In theory the homing weapon should make things far easier, but because of its low damage, it puts you in the risky position of avoiding harm for longer while it works its magic. It takes time to discover which strategies work, as only after snuffing it are you shown the amount of progress made. For a seemingly throwaway idea, it adds a lot to the experience. It’s common to progress through a battle further than initially thought, giving the (sometimes false) impression that a soul contract is within tangible reach.
Cuphead’s world â€“ viewed from a top-down perspective – is spread across three isles. The first has a nature theme, pitting Cuphead against fowl flora and fauna, while the second is set inside a ramshackle theme park. The third isle is by far the largest, being a bustling coastal town with a junkyard, theatre, and a handful of nautical-themed fights.
Spending a spot of downtime on Inkwell Isle is pleasing. There are NPCs to talk to, an optional hide and seek quest to partake, and the chance to find a handful of hidden coins. These coins can be spent on weapons and charms at Porkrind’s shop, along with any gained during the platforming stages. With just five coins available per stage, and some items costing as much, it’s wise to mull over potential purchases. If you’re struggling with a certain element, such as the parry slap attacks, Porkrind may have a perk-bestowing item to simplify things.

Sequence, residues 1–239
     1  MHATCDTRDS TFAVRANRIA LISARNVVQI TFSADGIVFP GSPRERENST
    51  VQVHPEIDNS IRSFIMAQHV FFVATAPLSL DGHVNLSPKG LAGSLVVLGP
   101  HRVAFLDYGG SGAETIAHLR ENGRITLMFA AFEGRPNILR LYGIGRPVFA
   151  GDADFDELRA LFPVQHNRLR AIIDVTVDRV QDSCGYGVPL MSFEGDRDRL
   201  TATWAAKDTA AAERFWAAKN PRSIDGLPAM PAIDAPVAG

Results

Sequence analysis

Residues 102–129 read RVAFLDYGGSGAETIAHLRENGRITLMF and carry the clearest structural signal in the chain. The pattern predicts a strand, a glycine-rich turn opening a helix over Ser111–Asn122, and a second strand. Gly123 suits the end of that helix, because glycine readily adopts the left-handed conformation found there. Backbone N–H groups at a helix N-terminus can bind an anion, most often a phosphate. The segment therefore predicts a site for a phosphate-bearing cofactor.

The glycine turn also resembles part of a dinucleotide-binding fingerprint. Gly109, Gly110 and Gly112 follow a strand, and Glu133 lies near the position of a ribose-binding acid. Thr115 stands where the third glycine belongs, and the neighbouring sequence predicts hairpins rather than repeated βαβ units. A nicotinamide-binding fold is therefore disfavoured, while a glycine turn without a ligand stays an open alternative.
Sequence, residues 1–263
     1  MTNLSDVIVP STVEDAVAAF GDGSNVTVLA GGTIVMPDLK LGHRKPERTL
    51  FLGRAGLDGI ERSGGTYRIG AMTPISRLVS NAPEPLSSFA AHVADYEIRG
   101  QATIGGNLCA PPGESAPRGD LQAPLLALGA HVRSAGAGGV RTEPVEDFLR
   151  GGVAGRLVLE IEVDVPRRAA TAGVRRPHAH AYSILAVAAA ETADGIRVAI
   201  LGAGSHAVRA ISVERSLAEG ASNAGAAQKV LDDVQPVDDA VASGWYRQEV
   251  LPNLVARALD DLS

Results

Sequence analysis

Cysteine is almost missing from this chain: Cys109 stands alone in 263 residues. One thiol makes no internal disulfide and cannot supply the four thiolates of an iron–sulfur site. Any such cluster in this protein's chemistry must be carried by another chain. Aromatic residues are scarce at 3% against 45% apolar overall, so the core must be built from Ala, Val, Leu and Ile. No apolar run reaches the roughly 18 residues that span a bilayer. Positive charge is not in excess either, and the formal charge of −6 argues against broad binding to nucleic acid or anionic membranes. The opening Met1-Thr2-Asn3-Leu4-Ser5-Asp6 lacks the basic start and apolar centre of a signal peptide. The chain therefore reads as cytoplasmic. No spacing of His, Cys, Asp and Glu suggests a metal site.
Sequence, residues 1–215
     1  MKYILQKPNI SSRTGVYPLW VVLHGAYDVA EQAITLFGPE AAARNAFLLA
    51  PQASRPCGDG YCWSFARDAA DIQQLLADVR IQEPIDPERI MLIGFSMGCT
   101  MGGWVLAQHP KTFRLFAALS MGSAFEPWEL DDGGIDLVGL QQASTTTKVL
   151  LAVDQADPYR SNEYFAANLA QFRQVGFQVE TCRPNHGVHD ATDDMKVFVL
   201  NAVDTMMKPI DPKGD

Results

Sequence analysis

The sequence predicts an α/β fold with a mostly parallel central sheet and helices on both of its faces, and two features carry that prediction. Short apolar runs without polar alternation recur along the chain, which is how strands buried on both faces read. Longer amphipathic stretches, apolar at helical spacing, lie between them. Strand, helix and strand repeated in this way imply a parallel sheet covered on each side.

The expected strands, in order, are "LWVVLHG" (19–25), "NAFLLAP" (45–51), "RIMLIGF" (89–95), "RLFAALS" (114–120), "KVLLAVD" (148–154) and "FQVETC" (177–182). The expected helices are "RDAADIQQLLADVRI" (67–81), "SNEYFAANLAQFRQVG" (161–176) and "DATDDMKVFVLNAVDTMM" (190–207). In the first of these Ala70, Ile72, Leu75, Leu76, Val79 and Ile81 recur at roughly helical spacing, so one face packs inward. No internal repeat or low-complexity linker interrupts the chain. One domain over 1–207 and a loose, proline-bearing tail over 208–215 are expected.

The run â€˜n gun platforming stages have a whiff of Treasure’s seminal Gunstar Heroes about them as parry slap attacks, dash jumps and frequent weapon changes come into their own here. And as you may have already guessed, there are no checkpoints whatsoever. Later stages, in particular, call for perfectly timed parry slaps to progress past certain obstacles; a skill that once mastered becomes invaluable.
Generally, a platforming stage will begin with a series of obstacles to avoid. Although you’re instructed to â€˜Run and Gun’ often doing so leads to an early grave due to the presence of enemies that spew bullets when hit. While some stages are guilty of recycling enemies heavily, they still have the odd surprise or two in the form of mini-boss style characters.